Made of one carbon and four hydrogen atoms, lighter than air, methane is a democratic molecule. You make it, I make it, cows and coal mines emit it, as do termites and multinational oil companies. Power plants, land fills, sewage treatment plants, rice paddies, natural gas pipelines, and oil rigs leak it. When NASA looks for life on other planets, they don’t look for little green men, they scan for traces of methane. Methane is the ultimate sign of life, though a massively mysterious, and invisible, one.
The mysteries surrounding methane are a reminder that we barely know our own planet. Methane only recently became part of the public consciousness. For as long as we’ve had an oil and gas industry, we’ve had methane leaks from pipelines and equipment, but recent measurements on the ground suggest that they could be releasing twice as much as what the EPA has previously estimated. Oil spills catch the public’s attention, with their horrible photos of blackened birds. Pollution from cars made blankets of greenish smog that spurred legislators to action. Methane leaks just drifted away and were barely regulated.
All of that changed last October 23, when the Southern California Gas Company announced that a storage field in the Los Angeles community of Porter Ranch was leaking. Many residents did not know that they lived on one of the largest of the country’s 400 underground storage areas for natural gas, which is mostly composed of methane. The area was an old oil field that had been depleted by 1941 and then filled with the naturally odorless gas. But soon residents smelled the rotten egg odor of mercaptans, the stinky scent added to alert people to leaks. Children began having nosebleeds. Five thousand homes were evacuated and the governor declared a disaster. Up to now, the leak has spewed more than 90,000 metric tons of methane and planes have measured an invisible plume of methane more than a thousand feet tall looming over Porter Ranch.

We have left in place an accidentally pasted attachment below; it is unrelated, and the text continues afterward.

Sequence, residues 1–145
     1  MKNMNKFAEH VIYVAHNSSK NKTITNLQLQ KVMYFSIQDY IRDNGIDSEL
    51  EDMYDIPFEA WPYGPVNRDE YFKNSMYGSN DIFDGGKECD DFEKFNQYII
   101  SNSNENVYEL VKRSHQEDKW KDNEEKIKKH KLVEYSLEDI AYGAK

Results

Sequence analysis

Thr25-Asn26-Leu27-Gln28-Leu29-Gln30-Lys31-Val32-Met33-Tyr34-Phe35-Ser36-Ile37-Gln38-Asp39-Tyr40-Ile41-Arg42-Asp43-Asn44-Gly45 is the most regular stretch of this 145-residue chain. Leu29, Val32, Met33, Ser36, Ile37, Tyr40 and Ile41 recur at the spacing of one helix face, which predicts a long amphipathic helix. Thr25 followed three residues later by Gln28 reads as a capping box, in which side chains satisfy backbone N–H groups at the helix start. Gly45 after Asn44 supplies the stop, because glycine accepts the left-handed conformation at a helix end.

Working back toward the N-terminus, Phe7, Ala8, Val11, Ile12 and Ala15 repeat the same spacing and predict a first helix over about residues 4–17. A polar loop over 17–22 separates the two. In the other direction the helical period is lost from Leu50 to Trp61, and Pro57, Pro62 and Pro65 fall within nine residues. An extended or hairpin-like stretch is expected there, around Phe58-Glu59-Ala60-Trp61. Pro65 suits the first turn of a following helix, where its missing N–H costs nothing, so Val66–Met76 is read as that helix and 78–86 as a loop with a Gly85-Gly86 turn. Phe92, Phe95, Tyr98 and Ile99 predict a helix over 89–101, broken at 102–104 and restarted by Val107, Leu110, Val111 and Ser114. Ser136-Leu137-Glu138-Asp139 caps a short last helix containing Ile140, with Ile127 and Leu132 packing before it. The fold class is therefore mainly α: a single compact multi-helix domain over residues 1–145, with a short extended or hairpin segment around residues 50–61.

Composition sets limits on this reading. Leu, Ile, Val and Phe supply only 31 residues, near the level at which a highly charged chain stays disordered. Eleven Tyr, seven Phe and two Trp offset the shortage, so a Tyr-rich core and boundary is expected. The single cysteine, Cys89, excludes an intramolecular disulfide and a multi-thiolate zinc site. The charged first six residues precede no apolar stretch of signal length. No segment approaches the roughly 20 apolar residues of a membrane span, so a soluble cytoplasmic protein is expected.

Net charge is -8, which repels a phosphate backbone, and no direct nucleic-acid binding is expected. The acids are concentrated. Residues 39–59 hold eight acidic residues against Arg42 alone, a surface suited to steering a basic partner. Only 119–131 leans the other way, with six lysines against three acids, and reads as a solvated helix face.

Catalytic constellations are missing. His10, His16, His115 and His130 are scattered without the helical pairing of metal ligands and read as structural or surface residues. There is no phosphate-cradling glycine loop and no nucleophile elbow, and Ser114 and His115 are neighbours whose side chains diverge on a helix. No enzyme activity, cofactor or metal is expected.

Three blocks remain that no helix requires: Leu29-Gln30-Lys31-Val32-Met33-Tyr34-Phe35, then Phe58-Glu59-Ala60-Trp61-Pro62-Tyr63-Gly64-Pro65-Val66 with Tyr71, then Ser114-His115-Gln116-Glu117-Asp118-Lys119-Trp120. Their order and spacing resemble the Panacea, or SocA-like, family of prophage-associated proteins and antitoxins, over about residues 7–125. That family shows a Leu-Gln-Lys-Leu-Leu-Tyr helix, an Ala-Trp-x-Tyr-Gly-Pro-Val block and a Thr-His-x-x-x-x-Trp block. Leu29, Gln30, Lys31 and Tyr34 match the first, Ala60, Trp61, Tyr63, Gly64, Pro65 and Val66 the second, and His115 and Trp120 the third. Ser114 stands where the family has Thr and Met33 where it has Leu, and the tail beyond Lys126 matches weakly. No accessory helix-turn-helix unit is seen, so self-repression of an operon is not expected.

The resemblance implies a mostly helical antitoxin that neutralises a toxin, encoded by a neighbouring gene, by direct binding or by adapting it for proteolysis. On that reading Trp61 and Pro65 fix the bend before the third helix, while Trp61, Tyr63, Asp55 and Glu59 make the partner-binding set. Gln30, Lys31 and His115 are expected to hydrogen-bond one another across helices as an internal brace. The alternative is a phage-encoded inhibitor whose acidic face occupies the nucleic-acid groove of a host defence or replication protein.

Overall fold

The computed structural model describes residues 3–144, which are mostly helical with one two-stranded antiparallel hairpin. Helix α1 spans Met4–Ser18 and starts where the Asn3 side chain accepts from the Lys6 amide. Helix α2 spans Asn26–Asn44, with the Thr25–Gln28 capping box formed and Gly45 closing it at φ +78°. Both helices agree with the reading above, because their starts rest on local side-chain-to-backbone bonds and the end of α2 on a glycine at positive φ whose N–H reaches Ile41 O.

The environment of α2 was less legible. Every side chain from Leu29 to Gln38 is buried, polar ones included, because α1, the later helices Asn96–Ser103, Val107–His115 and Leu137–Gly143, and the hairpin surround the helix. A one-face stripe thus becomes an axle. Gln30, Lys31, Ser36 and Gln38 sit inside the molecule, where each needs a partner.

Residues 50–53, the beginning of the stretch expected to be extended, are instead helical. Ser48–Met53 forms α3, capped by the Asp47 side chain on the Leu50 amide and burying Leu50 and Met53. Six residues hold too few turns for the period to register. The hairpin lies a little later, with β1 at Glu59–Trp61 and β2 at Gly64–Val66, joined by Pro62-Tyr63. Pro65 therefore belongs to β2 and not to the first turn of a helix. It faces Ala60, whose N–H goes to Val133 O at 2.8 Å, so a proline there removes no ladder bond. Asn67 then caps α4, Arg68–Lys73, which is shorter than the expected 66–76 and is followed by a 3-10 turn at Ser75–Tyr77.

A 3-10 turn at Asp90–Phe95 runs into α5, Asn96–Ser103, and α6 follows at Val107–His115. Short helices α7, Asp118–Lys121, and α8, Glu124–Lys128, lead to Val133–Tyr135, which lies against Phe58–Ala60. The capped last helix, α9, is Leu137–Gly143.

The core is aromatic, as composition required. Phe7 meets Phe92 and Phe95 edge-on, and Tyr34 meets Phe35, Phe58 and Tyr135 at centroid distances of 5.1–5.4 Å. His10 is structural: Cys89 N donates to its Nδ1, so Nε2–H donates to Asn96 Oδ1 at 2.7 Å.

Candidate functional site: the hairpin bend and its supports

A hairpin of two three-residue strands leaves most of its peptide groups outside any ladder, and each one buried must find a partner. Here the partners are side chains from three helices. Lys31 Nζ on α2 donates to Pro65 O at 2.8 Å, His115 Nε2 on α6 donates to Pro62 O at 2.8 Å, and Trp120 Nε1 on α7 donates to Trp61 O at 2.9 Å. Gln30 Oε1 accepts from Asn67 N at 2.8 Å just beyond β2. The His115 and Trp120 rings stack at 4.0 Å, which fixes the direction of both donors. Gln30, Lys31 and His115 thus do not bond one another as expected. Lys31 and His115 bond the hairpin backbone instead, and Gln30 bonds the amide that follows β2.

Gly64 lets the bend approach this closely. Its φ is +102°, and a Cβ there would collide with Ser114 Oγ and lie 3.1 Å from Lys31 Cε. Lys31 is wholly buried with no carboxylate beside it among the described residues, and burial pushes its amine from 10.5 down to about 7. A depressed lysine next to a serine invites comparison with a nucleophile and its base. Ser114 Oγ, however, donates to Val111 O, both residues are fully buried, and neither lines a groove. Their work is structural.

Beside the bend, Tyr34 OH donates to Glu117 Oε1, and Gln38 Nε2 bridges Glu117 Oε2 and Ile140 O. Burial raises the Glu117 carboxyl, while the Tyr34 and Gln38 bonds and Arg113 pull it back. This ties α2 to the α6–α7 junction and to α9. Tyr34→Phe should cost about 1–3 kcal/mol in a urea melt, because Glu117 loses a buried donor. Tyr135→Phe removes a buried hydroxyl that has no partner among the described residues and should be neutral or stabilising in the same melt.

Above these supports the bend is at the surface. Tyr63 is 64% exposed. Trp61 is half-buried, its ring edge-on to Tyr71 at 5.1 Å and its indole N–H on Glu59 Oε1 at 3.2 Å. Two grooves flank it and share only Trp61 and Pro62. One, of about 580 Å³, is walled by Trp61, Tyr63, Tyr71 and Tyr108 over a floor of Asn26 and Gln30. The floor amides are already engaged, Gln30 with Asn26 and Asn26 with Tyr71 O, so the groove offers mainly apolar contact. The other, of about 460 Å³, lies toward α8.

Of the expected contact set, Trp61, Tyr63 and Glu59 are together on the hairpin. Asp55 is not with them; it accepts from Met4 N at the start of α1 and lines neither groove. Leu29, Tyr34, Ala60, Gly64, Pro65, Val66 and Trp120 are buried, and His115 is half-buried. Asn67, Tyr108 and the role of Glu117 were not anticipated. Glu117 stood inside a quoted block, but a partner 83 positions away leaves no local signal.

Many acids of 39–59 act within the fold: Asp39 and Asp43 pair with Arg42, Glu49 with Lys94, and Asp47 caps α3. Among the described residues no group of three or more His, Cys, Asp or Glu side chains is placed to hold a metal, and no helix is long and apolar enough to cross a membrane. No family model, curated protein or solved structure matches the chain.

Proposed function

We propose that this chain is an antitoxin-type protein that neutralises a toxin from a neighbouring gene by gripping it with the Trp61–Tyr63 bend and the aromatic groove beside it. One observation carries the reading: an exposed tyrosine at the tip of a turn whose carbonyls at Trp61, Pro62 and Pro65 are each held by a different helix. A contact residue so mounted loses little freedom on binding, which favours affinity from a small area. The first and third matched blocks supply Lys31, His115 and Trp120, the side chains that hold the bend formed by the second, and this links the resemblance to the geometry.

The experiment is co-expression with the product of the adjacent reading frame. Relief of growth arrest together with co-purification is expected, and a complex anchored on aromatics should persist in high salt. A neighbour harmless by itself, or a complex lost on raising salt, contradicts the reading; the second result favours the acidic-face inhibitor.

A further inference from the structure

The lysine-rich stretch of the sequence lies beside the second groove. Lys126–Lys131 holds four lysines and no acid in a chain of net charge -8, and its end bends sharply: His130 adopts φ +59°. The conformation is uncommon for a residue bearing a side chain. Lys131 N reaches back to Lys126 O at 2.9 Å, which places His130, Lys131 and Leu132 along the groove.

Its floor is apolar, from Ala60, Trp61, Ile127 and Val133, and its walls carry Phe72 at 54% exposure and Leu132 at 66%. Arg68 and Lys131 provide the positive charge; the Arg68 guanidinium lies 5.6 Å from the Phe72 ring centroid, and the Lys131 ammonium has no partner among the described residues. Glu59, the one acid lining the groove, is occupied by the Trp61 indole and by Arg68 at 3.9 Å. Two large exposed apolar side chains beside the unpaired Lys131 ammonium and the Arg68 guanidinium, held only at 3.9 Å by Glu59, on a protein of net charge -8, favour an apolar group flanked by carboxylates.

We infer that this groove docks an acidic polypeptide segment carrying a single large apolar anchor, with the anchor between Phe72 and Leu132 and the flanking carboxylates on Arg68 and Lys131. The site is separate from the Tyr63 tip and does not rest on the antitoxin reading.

For many Americans, this plume, which can only be seen with an infrared camera, is the first time they’ve actually seen methane. For most of history, the only way to see methane was the way George Washington did in 1783: Get in a rowboat on a New Jersey river at night, poke the muck at the bottom with sticks, and try to light the methane bubbles that rise on fire. (If only the Founding Father had known about YouTube.) This flammable gas had been identified by an Italian named Volta in 1776, who had been inspired by Ben Franklin’s writing on gases.
Up until the early 1970s, methane was a party trick and a cooking fuel, but not considered an important player in planetary cycles. But, in 1976, scientists realized that methane’s ability to reflect some infrared radiation—the same reason it can be seen on the camera—means it’s a very powerful greenhouse gas. Over a hundred year period, a molecule of methane will trap about 34 times as much heat as a molecule of carbon dioxide emitted to the atmosphere, according to EPA estimates.
But if methane is so ubiquitous that George Washington found it by poking an ordinary river bottom and the planet is constantly making more methane, both biologically (in the muck and in our intestines), and by “cooking” oil and coal underground, where is it all going?